No. 1357 - Launceston - Presentation Convent (1901-2003)

This article is one of a series about buildings associated with Tasmania’s historical churches.These buildings include Sunday schools, parish halls, convents, schools and residences of the clergy. Ancillary buildings are often overlooked and rarely feature in published histories. My aim is to create a simple record of these buildings, including of those that no longer exist.

The Presentation Convent on Bourke Street was built in 1900 to replace an old convent school situated at the rear of Church of the Apostles. The first convent, which opened in 1873, was one of eleven schools established by the Sisters of the Presentation of the Blessed Virgin Mary, better known as the Presentation Sisters. A short history of the first convent can be found here: [No. 1245]

The foundation stone for the new convent was ceremonially laid on Sunday 1 July 1900. The Launceston Examiner described the event as follows:

“The time has arrived for the erection of much larger quarters for the nuns in residence at the Presentation Convent, Margaret-street, and the Archbishop of the Diocese (Dr. Murphy) yesterday afternoon laid the foundation stone of a new building that will not alone give all the accommodation desired, but also constitute an important addition to the architectural features of the city. There was a large gathering to witness the ceremony, including the Mayor (Alderman Panton)…..After a short service the Archbishop "well and truly" laid the stone, first placing beneath it some soil taken from the grave of St. Patrick. The venerable prelate then addressed the gathering, the size of which he thought augured well for the success, both spiritually and temporally, of the undertaking. As showing the necessity for the building, he referred to the increase of the scholars attending the convent schools from the initial 70 or 80 to near 500… He explained that the undertaking had been rendered possible by a gentleman offering £500 if another would follow suit, and this had been secured….Dean Beechinor made a vigorous appeal for donations, and a number of substantial cheques and many smaller sums were laid upon the stone”.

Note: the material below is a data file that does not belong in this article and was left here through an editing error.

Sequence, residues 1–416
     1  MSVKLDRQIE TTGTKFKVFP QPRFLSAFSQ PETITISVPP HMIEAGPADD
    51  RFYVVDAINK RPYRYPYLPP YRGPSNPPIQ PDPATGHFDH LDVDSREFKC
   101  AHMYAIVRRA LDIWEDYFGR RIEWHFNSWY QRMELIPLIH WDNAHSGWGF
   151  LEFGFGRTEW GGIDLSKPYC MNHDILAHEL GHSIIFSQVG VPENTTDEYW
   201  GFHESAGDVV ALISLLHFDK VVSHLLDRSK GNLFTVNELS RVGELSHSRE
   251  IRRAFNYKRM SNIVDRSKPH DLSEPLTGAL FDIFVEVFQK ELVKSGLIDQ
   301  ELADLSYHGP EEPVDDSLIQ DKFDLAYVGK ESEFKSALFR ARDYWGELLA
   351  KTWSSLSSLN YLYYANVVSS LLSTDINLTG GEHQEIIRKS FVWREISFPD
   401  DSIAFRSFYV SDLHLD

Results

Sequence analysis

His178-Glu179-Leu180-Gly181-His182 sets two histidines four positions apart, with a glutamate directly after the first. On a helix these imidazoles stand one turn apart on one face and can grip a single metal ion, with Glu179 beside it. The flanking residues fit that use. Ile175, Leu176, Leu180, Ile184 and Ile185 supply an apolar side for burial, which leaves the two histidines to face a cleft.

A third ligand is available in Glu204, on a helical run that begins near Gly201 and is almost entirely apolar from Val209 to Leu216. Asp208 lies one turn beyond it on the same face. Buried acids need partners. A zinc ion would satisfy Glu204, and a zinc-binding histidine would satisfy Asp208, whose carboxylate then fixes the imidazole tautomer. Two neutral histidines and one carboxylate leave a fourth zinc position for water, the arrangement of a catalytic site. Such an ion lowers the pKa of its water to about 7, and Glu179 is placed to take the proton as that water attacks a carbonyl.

The building was completed in mid 1901 and was officially opened and dedicated on Sunday 17 November in that year. The opening was a spectacular event with a large number of Launceston’s Catholic community in attendance. The Examiner reported:

“At the Church of the Apostles yesterday the Archbishop of Hobart (Dr. Murphy) officiated at High Mass in the morning.…In the afternoon, in the presence of a large number of spectators of many denominations, a procession headed by the school children, and composed of the female branch of the confraternity of the Sacred Heart, Children of Mary, male branch of the confraternity, members of the Society of St. Vincent de Paul and the acolytes marched through the grounds from the church to the new building. The Archbishop, surrounded by a bodyguard of the officers and members of the Hibernian Society… entered the building, a substantial three-storey edifice of brick and performed the ceremony. The children formed up on the lawn and under the leadership of Mr. A. Roper, sang several selected hymns and St. Joseph's Band, stationed in a cool corner of the enclosure, contributed sacred numbers….”.